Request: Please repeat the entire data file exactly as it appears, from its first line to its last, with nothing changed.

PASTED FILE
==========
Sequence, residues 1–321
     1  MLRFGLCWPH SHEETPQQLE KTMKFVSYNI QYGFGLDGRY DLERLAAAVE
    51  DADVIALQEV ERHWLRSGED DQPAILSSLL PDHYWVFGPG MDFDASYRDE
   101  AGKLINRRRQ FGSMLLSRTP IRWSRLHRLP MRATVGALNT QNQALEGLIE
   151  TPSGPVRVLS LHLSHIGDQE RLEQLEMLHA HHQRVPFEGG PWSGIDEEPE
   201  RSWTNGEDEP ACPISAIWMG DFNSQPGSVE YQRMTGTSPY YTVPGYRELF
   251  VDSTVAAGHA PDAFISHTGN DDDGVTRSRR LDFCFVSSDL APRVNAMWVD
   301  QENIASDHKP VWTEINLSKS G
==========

Sequence, residues 1–321
     1  MLRFGLCWPH SHEETPQQLE KTMKFVSYNI QYGFGLDGRY DLERLAAAVE
    51  DADVIALQEV ERHWLRSGED DQPAILSSLL PDHYWVFGPG MDFDASYRDE
   101  AGKLINRRRQ FGSMLLSRTP IRWSRLHRLP MRATVGALNT QNQALEGLIE
   151  TPSGPVRVLS LHLSHIGDQE RLEQLEMLHA HHQRVPFEGG PWSGIDEEPE
   201  RSWTNGEDEP ACPISAIWMG DFNSQPGSVE YQRMTGTSPY YTVPGYRELF
   251  VDSTVAAGHA PDAFISHTGN DDDGVTRSRR LDFCFVSSDL APRVNAMWVD
   301  QENIASDHKP VWTEINLSKS G